• According to another embodiment, R1 is substituted by one to two occurrences of J. In some embodiments, R1 is substituted in the para position with J. In certain embodiments, J is V. In some embodiments, V is a C1-6aliphatic group wherein one methylene unit is optionally replaced with S(O)2. In some embodiments, V is —S(O)2(C1-4alkyl). In other embodiments, V is S(O)2CH(CH3)2.
  • According to another embodiment, J is CN and substituted in the ortho position. In some embodiments, J is —(V)t—R2. In certain embodiments, V is —S(O)2.
  • According to another embodiment, R2 is a C3-7 cycloalkyl or a 3-7 membered heterocyclyl having 1-3 heteroatoms selected from the group consisting of oxygen, nitrogen, and sulfur.
  • According to another embodiment, R1 is phenyl substituted in the para position with J, wherein J is —S(O)2(C1-4alkyl).
  • Another embodiment provides a compound from the following Table:
  • Figure US20120046295A1-20120223-C00027
       
    I-1 
    Figure US20120046295A1-20120223-C00028
    I-2 
    Figure US20120046295A1-20120223-C00029
    I-3 
    Figure US20120046295A1-20120223-C00030
    I-4 
    Figure US20120046295A1-20120223-C00031
    I-5 
    Figure US20120046295A1-20120223-C00032
    I-6 
    Figure US20120046295A1-20120223-C00033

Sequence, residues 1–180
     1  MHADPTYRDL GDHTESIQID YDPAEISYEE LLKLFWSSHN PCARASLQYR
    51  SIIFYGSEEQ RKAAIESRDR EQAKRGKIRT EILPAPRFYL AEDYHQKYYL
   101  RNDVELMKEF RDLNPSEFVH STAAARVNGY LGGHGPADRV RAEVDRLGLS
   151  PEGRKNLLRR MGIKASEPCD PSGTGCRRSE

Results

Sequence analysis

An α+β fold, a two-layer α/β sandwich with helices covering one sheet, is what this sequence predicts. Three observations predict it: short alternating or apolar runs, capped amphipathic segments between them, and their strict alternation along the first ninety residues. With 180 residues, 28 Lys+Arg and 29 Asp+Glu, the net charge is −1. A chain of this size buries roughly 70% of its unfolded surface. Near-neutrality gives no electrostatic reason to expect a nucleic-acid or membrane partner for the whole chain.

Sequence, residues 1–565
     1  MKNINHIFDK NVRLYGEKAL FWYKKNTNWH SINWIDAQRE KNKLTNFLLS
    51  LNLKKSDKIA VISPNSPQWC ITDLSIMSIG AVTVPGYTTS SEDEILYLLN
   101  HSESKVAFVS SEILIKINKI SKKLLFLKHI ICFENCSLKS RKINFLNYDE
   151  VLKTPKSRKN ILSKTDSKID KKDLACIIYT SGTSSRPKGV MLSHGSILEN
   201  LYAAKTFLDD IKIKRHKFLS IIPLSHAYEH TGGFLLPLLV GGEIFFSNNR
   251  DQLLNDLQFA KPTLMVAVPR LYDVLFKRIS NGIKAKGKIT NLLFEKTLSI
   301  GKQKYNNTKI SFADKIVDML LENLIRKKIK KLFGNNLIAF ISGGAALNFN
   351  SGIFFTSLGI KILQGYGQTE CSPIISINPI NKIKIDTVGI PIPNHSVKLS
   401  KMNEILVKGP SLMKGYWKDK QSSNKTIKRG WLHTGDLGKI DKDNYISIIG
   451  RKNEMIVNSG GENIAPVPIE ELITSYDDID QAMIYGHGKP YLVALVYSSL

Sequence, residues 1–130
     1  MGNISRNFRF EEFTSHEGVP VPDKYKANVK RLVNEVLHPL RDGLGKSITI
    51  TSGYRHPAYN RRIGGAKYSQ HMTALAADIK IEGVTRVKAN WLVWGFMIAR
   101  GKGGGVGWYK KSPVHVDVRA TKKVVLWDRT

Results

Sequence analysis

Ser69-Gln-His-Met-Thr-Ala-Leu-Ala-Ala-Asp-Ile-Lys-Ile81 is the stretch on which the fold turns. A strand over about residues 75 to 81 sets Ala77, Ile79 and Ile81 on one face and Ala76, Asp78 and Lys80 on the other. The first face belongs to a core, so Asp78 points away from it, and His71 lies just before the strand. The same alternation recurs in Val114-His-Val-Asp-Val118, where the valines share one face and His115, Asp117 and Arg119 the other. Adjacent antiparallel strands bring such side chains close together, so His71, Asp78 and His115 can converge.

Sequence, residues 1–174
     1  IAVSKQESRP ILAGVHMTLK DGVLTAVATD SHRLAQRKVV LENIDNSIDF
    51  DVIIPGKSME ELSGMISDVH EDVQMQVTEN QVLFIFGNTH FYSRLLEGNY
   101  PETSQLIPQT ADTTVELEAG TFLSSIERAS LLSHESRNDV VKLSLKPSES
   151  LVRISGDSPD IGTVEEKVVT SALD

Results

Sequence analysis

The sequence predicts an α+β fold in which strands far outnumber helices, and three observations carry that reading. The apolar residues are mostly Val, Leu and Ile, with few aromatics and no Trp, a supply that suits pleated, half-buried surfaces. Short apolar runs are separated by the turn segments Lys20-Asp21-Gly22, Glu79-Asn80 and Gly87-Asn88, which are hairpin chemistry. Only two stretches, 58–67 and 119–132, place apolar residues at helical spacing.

I-7 
    Figure US20120046295A1-20120223-C00034
    I-8 
    Figure US20120046295A1-20120223-C00035
    I-9 
    Figure US20120046295A1-20120223-C00036
    I-10
    Figure US20120046295A1-20120223-C00037
    I-11
    Figure US20120046295A1-20120223-C00038
    I-12
    Figure US20120046295A1-20120223-C00039
    I-13
    Figure US20120046295A1-20120223-C00040
    I-14
    Figure US20120046295A1-20120223-C00041
    I-15
    Figure US20120046295A1-20120223-C00042
    I-16
    Figure US20120046295A1-20120223-C00043
    I-17
    Figure US20120046295A1-20120223-C00044
    I-18
    Figure US20120046295A1-20120223-C00045
    I-19
    Figure US20120046295A1-20120223-C00046
    I-20
    Figure US20120046295A1-20120223-C00047
    I-21
    Figure US20120046295A1-20120223-C00048
    I-22
    Figure US20120046295A1-20120223-C00049
    I-23
    Figure US20120046295A1-20120223-C00050
    I-24
    Figure US20120046295A1-20120223-C00051
    I-25